Healthcare is struggling the most with this issue (54%), while 41% of school survey participants and 36% of college respondents say this issue is extremely or very challenging.  In a similar vein, support/buy-in from students, faculty and/or staff appears to have deteriorated by 12%. Now, 40% of all respondents say this problem is extremely or very challenging for them. Two years ago, that percentage was 28.

Additionally, our current labor shortage may be affecting the staffing and training required to manage campus access control systems. Ten percent more respondents this year say that “Staff don’t know how to effectively manage our access control system(s)” is an issue that’s extremely challenging or very challenging for them (39% now, compared to 29% in 2021).

Eleven percent more now indicate a lack of staffing is an extremely challenging or very challenging issue for them — up from 28% two years ago to 39% today.

This year’s survey also found that 9% more campuses are struggling to develop or maintain appropriate policies to support their access control systems. More than two out of five (42%) said that “Policies supporting our access control system(s) don’t exist or the ones we have need to be updated” is an issue that’s extremely or very challenging.

At 46% and 47% respectively, schools and hospitals are especially struggling with this problem.

Campuses Need More Card Access Control and Biometrics

It appears that the need for card access control and biometrics has become quite apparent to campus protection professionals this year. Now, 41% of all respondents say not having card access control or biometrics is extremely challenging or very challenging for them. That’s 18 percentage points more than in 2021.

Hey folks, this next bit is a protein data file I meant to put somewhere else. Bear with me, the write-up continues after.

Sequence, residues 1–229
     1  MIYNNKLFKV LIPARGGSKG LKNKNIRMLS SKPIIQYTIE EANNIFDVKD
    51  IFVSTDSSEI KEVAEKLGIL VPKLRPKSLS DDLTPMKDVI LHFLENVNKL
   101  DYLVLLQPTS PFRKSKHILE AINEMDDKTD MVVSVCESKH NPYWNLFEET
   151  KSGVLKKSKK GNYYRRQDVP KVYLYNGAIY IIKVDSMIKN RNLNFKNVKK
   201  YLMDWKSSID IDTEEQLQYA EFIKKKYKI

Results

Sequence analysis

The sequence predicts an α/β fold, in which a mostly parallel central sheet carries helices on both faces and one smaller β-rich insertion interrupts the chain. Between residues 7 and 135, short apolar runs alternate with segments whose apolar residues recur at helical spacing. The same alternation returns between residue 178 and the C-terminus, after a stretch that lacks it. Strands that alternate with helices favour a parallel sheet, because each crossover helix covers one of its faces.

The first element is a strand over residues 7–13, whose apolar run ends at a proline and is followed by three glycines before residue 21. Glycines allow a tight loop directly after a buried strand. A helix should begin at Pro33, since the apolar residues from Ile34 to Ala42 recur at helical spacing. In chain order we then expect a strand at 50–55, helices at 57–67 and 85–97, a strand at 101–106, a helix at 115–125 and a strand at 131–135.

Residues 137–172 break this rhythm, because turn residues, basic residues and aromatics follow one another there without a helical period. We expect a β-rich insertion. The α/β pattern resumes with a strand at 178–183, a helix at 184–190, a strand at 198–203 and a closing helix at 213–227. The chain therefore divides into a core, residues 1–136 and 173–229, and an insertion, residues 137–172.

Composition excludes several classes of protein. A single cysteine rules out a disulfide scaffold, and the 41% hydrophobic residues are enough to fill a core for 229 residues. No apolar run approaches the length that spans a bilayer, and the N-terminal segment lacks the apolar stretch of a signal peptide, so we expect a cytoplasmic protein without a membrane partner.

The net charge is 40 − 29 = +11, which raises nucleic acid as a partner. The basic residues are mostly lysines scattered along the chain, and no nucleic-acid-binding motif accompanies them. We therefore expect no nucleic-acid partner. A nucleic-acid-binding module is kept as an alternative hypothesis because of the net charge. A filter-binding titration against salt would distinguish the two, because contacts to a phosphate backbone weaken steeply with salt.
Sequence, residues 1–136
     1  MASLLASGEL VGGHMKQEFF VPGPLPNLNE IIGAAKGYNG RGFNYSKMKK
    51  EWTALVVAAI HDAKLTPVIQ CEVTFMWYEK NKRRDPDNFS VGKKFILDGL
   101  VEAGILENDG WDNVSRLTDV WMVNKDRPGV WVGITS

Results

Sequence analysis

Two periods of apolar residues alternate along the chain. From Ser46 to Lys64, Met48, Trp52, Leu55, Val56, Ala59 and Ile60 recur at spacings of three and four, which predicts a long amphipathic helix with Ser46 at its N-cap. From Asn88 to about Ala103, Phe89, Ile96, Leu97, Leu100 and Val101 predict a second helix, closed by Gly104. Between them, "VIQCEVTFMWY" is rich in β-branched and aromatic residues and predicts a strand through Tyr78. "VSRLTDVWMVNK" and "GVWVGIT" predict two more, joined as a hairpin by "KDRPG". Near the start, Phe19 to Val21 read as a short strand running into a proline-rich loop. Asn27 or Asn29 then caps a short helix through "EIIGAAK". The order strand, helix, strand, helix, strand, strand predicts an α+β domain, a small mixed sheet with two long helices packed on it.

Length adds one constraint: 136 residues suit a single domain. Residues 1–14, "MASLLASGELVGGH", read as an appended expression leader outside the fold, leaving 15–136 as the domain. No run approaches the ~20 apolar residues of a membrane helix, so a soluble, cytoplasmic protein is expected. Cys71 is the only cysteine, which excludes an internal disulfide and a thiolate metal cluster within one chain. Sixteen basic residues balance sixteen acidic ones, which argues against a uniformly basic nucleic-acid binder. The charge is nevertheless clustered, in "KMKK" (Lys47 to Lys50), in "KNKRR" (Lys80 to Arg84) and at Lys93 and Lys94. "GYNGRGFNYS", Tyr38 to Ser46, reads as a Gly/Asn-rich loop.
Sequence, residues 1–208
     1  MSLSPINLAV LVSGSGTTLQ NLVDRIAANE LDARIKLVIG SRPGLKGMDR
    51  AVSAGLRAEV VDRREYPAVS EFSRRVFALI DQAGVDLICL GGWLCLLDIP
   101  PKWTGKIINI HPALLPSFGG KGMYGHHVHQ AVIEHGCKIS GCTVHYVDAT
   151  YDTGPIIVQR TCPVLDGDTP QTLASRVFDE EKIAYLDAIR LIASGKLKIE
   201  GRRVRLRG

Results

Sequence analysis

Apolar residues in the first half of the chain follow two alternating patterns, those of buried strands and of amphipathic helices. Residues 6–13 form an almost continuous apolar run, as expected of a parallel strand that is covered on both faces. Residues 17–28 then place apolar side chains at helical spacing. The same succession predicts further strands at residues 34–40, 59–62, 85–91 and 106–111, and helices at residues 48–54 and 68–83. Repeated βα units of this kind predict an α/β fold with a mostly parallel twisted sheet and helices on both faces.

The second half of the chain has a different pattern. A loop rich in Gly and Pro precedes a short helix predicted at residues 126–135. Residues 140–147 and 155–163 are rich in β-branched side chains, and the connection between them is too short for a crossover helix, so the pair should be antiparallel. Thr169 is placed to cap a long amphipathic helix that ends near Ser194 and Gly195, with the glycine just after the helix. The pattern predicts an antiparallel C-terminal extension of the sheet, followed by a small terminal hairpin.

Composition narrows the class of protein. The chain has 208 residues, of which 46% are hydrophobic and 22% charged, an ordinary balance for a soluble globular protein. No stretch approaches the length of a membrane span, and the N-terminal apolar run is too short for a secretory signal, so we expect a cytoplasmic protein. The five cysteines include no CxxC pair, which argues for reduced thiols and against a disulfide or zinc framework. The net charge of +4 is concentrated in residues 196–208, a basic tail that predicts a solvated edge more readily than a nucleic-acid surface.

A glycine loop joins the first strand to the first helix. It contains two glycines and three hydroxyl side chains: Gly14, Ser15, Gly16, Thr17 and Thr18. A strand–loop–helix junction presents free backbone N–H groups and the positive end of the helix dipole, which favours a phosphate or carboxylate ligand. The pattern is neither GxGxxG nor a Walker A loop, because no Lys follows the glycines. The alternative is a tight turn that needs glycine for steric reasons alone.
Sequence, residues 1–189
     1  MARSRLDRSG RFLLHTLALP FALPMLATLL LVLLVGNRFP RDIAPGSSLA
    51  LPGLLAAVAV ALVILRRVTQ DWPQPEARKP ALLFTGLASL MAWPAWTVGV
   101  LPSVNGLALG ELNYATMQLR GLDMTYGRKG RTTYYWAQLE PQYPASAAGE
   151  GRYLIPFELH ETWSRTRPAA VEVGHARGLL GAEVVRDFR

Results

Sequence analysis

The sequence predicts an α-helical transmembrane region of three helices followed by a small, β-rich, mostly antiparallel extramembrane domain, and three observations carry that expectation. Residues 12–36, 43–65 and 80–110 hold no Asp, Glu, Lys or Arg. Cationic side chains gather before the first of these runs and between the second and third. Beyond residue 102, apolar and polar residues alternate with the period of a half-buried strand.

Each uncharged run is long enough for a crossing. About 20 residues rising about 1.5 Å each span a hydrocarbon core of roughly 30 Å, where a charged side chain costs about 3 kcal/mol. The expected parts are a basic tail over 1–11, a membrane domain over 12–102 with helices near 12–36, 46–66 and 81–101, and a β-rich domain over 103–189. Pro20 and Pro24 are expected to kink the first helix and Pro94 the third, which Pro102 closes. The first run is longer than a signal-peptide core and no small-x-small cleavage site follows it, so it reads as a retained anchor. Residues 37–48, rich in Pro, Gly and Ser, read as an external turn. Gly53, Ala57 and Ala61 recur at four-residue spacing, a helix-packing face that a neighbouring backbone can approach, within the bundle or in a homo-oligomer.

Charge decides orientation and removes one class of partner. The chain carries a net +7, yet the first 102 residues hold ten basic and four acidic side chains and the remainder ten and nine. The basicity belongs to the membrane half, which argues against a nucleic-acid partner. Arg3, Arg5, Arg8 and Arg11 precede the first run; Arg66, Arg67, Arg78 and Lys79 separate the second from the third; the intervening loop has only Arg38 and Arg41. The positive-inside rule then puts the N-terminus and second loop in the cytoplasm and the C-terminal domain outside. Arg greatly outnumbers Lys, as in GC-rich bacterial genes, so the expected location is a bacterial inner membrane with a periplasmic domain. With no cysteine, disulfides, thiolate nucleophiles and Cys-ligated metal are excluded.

When broken down by sector, K-12 survey takers were the most likely to say “extremely” or “very” — 44%, compared to 40% of higher ed respondents and 37% of healthcare respondents.

Concerns regarding “Our access system(s) isn’t integrated with other public safety systems (e.g. video surveillance, intrusion, fire, etc.)” also increased this year. Now, 39% of all participants say this issue is extremely or very challenging, which is 13% more than two years ago.

School respondents were, again, the most likely to say this problem is extremely or very challenging for them: 47%, compared to 40% of hospitals and 30% of colleges and universities.

More than one in three (35%) of all survey participants said maintenance of card access systems is extremely challenging or very challenging, which is 13% more than when we asked about this topic in 2021.

However, healthcare is struggling more with this issue than other campuses. More than half (51%) said this issue is extremely or very challenging for their campuses, compared to 47% of K-12 respondents and 25% of participants from colleges and universities.

Access control software bugs and updates are also becoming more problematic, with 35% of all survey participants saying this issue is extremely challenging or very challenging for them. That’s 12% more than two years ago.

At 45% and 43% respectively, healthcare and K-12 respondents are having a much harder time than their peers in higher education, where 23% said this issue is extremely or very challenging for their institutions.

“Older access system(s) can’t integrate/interoperate with new access control systems” is an extremely or very challenging issue for 34% of all participants, which is 9% more than two years ago. This issue is most pronounced on K-12 campuses, with 45% saying this issue is extremely or very challenging for them, compared to 25% of colleges and universities and 33% of healthcare facilities.

The original version of this post appeared on SSI’s sister site, Campus Safety.

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About the Author


Robin has been covering the security and campus law enforcement industries since 1998 and is a specialist in school, university and hospital security, public safety and emergency management, as well as emerging technologies and systems integration. She joined CS in 2005 and has authored award-winning editorial on campus law enforcement and security funding, officer recruitment and retention, access control, IP video, network integration, event management, crime trends, the Clery Act, Title IX compliance, sexual assault, dating abuse, emergency communications, incident management software and more. Robin has been featured on national and local media outlets and was formerly associate editor for the trade publication Security Sales & Integration.